Just five years ago, Norway ranked as the happiest country in the world in an annual report from the United Nations. Now Norway has tumbled to eighth place on the UN’s World Happiness Report, and experts are trying to figure out why.
This year’s recently released report (external link) left Norway with a score of 7,365, well behind Finland, which tops the new list with a score of 7,821. Points are allotted in accordance with participants’ responses to how they assess their quality of life in most countries around the world.
Finland has now held the top spot for five years in a row, with Heikki Hiilamo of the Finnish public health institute noting that many Finns don’t demand too much and are in general quite satisfied with their lives. In Norway, some link Norwegians’ decline on the list to widening social differences. Some young Norwegians have also become more pessimistic about the future, and that’s before war broke out on the European continent.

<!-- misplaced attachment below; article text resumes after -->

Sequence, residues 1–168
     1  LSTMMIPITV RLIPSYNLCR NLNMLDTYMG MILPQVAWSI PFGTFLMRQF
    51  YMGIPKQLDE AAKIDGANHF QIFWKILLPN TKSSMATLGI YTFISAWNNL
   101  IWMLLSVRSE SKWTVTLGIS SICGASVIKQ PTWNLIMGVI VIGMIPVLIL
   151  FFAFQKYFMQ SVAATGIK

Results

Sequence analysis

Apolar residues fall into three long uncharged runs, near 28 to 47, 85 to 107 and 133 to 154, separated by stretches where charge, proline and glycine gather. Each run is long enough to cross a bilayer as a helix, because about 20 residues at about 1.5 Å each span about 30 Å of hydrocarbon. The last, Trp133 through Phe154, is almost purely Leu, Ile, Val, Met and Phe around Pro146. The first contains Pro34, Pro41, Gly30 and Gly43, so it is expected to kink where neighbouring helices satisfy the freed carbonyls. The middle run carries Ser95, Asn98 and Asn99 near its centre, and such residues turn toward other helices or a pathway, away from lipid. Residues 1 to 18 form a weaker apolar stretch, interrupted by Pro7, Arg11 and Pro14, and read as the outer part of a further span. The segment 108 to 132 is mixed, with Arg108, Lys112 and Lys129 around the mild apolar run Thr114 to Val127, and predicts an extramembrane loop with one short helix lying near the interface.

Norway landed behind Finland, Denmark, Iceland, Switzerland, the Netherlands, Luxembourg and Sweden, and just ahead of Israel and New Zealand.
The unhappiest country in the world was Afghanistan, followed by Lebanon, Zimbabwe and Rwanda.